Who killed Marwan?
Who killed Marwan? How was he killed? These and many other questions are supposed to have been answered by the various official reports issued on the Jan. 25 Mamasapano incident. But a recent statement by President Aquino has prompted renewed interest in the details of that tragic encounter. In particular, contrary to the official Philippine National Police account that it was troopers of the PNP’s Special Action Force that killed Marwan, the story that has surfaced is that this international terrorist with a $5-million bounty on his head was actually shot and killed at close range by one of his aides.
“There is an alternative version of events that happened there, which is undergoing very intense scrutiny,” the President told his audience at the Meet Inquirer Multimedia forum last week. “We are looking for witnesses that will prove or disprove certain observations.”
People are wondering why P-Noy is suddenly reopening public discussion of this debacle, which has set back the passage of the Bangsamoro Basic Law, one of his main advocacies. I don’t believe he has any wish, or any special motive, to revisit this painful episode. The way it looks to me, rather, is that his statement was an unguarded response to a question by Letty Jimenez-Magsanoc, the Inquirer’s editor in chief, wondering if he had found closure on Mamasapano.
Clearly, certain questions about this unfortunate encounter continue to haunt P-Noy. Not the least of these are those that have a bearing on whether he had committed a grave error in judgment when he took the words of individuals he implicitly trusted at their face value. I think he suspects that crucial pieces of information, not just tactical details, were deliberately kept from him. And this fatal deception led to the unnecessary deaths of many.
But, in the middle of what must have been a moment of personal soul-searching, he caught himself and decided to backtrack. “I would rather not talk too deeply about the specifics because it might really hamper our efforts to get to the truth of this matter—the complete truth.”
I don’t think there is such a thing—“the complete truth.” If we add up the reports of the eight or so investigations of Mamasapano that had been conducted, would we come any closer to what might satisfy everyone as the complete truth? I doubt it. Each one of these investigations would have been conducted from the vantage point of observers who saw only what they were looking for. The Inquirer has apologized for reporting that the President was in quest of an “alternative truth” about Mamasapano, when the exact words he used referred to an “alternative version of the events.”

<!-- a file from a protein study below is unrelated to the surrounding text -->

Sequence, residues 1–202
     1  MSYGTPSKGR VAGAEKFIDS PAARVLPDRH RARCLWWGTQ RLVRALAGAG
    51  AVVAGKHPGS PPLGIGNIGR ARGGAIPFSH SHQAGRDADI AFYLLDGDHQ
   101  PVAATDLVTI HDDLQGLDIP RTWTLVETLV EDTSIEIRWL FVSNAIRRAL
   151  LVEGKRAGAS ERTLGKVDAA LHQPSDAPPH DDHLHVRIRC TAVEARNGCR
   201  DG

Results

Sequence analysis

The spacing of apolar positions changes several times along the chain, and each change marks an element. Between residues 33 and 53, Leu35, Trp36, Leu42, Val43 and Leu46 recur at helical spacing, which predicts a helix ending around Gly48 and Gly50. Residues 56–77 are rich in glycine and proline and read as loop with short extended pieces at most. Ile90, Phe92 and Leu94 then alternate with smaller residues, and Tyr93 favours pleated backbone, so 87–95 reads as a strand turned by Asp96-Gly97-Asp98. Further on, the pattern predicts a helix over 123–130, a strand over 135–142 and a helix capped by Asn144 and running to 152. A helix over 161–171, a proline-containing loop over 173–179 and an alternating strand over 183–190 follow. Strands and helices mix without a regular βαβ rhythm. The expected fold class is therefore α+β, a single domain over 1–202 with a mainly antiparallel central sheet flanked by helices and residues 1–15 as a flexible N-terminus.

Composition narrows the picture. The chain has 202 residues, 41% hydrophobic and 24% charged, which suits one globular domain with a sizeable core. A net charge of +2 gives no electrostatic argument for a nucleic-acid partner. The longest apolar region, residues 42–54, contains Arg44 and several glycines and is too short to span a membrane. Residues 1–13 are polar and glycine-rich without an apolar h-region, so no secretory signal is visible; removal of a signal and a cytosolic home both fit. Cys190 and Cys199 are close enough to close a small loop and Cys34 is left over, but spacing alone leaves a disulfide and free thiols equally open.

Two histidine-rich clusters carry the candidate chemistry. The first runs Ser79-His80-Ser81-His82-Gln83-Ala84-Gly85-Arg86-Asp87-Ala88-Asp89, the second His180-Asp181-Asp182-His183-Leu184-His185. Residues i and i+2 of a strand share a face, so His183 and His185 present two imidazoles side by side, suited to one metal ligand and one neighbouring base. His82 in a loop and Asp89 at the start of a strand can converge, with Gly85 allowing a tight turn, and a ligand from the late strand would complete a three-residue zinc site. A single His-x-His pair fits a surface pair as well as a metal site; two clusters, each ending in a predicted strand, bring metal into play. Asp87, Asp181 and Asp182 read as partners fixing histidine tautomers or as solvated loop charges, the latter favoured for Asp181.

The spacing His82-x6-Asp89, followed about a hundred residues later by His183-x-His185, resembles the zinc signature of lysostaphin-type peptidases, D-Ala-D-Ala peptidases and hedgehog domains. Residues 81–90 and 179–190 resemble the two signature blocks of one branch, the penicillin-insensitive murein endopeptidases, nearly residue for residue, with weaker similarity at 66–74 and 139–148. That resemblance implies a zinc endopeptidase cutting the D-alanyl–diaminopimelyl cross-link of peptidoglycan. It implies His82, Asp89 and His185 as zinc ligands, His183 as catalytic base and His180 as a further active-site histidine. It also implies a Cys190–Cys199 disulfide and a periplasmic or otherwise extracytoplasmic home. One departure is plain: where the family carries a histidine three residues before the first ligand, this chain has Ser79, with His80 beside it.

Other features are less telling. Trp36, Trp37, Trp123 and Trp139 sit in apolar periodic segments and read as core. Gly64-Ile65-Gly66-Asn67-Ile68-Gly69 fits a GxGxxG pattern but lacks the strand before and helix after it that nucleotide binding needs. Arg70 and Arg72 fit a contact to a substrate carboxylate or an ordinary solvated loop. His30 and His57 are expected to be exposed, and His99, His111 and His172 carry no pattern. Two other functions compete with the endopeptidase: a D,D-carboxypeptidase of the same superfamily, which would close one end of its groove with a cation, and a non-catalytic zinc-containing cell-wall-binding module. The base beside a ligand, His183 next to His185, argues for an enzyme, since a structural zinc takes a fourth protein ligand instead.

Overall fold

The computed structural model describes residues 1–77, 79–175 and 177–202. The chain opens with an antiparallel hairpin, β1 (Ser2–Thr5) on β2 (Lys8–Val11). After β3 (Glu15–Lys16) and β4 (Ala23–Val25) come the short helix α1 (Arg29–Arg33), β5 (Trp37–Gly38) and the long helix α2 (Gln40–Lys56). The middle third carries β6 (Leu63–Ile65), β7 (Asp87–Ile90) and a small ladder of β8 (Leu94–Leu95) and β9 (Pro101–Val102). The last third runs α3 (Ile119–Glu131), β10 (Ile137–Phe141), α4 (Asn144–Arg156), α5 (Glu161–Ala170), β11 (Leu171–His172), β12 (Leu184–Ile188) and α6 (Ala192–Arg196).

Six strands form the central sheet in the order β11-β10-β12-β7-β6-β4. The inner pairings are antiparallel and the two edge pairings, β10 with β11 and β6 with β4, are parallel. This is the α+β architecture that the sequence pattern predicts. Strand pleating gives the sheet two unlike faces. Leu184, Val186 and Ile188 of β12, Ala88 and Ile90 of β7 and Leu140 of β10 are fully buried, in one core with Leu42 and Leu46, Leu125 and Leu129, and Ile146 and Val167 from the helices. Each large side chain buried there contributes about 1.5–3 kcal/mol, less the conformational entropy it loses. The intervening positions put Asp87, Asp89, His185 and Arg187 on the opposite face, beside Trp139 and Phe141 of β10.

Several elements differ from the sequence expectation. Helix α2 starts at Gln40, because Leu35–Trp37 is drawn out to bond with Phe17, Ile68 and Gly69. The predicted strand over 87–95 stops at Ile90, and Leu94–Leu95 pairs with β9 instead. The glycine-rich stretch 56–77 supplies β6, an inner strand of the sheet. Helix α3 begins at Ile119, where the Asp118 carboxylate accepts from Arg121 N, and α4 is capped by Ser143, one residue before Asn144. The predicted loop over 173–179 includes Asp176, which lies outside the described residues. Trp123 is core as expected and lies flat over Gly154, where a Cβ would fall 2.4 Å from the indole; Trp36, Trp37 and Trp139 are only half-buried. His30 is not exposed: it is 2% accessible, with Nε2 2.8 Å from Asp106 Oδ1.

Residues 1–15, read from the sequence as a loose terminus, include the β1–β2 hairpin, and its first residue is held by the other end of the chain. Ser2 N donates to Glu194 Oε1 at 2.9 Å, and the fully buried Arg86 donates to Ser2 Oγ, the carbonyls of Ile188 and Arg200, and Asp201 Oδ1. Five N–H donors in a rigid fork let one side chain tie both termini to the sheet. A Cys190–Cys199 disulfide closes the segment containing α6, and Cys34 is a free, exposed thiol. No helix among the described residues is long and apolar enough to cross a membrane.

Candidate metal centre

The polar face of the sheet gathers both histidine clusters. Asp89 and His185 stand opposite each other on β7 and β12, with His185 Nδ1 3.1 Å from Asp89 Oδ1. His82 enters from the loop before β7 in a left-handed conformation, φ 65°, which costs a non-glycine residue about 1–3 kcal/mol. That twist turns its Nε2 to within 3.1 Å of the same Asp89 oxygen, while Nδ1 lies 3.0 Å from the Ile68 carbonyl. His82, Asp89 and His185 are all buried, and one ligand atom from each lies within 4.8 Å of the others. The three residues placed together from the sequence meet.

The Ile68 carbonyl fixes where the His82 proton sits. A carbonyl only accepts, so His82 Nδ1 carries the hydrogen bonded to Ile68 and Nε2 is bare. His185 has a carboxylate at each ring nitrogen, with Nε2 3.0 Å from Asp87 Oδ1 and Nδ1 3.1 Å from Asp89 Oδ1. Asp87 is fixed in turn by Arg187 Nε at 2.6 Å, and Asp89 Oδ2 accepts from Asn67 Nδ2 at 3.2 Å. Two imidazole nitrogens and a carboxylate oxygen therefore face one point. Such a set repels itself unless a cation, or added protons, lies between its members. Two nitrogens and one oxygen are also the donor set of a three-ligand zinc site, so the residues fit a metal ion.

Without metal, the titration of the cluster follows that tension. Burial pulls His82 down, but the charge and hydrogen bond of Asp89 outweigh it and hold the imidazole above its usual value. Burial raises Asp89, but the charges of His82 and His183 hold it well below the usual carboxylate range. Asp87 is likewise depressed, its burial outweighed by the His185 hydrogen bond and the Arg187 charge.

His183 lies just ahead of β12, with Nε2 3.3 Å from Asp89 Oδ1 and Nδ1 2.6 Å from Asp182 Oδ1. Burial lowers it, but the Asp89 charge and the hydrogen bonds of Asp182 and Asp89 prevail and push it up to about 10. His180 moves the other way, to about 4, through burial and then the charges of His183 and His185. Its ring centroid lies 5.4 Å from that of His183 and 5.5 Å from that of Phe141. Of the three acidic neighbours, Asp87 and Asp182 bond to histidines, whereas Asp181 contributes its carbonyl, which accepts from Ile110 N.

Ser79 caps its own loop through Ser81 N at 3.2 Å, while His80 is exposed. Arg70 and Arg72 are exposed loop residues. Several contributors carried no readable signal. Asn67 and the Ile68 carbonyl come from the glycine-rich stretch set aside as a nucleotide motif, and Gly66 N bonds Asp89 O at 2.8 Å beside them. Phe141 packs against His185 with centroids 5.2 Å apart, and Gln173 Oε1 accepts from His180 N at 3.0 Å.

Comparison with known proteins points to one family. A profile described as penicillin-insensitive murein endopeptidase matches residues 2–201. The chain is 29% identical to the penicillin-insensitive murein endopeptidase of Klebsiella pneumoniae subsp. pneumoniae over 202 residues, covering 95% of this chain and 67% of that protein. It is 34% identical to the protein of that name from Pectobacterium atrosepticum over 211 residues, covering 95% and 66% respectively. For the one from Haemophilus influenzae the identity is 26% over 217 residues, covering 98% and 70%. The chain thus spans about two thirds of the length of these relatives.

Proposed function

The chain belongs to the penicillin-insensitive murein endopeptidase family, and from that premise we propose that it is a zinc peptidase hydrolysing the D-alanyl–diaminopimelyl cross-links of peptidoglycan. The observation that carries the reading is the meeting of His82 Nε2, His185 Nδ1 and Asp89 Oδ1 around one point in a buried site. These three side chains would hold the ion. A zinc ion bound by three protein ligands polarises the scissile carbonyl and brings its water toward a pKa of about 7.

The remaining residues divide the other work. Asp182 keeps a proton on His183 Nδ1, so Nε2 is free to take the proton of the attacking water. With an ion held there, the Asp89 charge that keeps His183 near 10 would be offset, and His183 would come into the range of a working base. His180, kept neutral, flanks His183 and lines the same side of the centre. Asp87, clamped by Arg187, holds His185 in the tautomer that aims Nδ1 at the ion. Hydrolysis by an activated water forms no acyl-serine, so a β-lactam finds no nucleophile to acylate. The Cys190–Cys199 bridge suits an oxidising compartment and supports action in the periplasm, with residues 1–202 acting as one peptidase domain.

I honestly do not see the difference. As Nietzsche wrote: “There are many kinds of eyes. Even the Sphinx has eyes—and consequently there are many kinds of ‘truths,’ and consequently there is no truth.” The PNP Board of Inquiry’s report was primarily meant to document the heroism of the 44 SAF troopers who were killed in the hunt for Marwan and Basit Usman. The truth of this heroism runs through the entire report.
In contrast, the report of the Special Investigative Commission of the Moro Islamic Liberation Front seemed singularly intended to prove that the MILF forces that figured in that bloody encounter had fought in self-defense, not knowing—at least initially—that it was the SAF they were fighting. The MILF report also appears obsessed with showing that the leadership was totally unaware of the presence of Marwan and Usman in their territory. But, that, too, is understandable.
Interestingly, the account of Marwan’s killing appears only at the very end of the report, almost like an afterthought. It seems to have no signifi cant relationship to the main thesis of self-defense, and yet it casts the gravest doubt on the courage of the government troopers.
Here is a portion of the PNP-BOI’s version: “They (the 84th SAC or Seaborne) reached Marwan’s hut, with the help of a guide, at about 4:00 a.m. The team was initially roused with IEDs triggered outside Marwan’s hut, prompting an exchange of gunfire between the SAF and Marwan. Marwan, who was awakened by the presence of the Commandos outside his hut, first turned off his lights before firing against the SAF men. The firefight lasted for about 15 minutes. The Seaborne fatally shot Marwan in the chest, causing his death.”
And here is the MILF’s account of the killing of Marwan: “During the ocular inspection, the Commission found that there were very few bullets on the wall of the hut where Marwan was found and killed. The trajectory of the bullets also indicates that the fatal shot did not come from the shots fired outside the house as the bullet holes are roughly 18 inches above the floor. If the shots were fired while Marwan was lying down, he could not have been hit while if he was standing and engaged the elements of the SAF in a firefight, the injuries sustained should have been at his lower body and not on the chest. There are also no bullet holes on the floor of the hut. In all likelihood, the fatal shot must have been fired at close range and while Marwan was lying on the floor.
“In the immediate vicinity of the hut, there are no indications of bomb explosion as there are no craters on the ground around the hut. Neither is there indication of an intense firefight in or around the hut.”
Not all truths are worth knowing, or reporting, Nietzsche might have told the writer of the report. Here, it seems to me the MILF strayed from its focus, and assumed the role of a forensics expert, to pursue a “truth” that appears to have no other use except to mock the achievement of the SAF commandos.
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